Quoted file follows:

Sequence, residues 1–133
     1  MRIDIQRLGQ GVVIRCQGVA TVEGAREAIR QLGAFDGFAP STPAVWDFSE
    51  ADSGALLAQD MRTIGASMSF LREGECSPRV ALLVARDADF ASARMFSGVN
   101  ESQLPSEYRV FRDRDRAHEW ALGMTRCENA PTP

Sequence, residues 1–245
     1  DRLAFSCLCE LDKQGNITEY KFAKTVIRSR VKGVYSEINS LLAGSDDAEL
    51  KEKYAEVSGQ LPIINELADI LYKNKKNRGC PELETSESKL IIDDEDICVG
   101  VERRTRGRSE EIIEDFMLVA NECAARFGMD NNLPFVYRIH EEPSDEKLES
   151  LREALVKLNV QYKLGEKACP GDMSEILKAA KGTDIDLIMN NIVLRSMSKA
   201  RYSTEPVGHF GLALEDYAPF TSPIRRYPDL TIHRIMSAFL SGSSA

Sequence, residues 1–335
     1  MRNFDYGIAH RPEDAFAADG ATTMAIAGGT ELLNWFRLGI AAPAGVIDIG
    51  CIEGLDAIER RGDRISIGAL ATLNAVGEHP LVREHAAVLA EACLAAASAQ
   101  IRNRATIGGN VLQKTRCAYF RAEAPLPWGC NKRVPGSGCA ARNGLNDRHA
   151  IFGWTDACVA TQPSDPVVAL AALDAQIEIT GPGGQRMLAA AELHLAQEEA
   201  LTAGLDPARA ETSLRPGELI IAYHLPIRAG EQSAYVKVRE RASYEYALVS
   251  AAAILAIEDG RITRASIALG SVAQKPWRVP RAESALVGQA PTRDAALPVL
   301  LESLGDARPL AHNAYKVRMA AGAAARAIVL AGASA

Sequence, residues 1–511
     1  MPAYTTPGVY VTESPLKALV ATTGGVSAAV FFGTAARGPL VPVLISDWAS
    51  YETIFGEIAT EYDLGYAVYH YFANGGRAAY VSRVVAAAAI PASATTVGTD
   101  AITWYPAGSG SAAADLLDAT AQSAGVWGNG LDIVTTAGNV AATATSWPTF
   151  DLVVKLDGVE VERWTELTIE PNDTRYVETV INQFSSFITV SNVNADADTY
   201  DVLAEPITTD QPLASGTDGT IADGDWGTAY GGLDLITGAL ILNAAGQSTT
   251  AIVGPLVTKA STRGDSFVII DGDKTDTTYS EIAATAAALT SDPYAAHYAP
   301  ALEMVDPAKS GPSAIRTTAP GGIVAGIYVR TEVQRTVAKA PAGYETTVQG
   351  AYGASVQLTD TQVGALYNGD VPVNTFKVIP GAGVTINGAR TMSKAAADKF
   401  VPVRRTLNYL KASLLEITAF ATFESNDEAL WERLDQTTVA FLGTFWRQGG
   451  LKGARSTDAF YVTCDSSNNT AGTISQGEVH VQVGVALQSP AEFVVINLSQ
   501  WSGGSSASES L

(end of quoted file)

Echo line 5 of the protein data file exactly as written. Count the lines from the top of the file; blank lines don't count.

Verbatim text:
Sequence, residues 1–245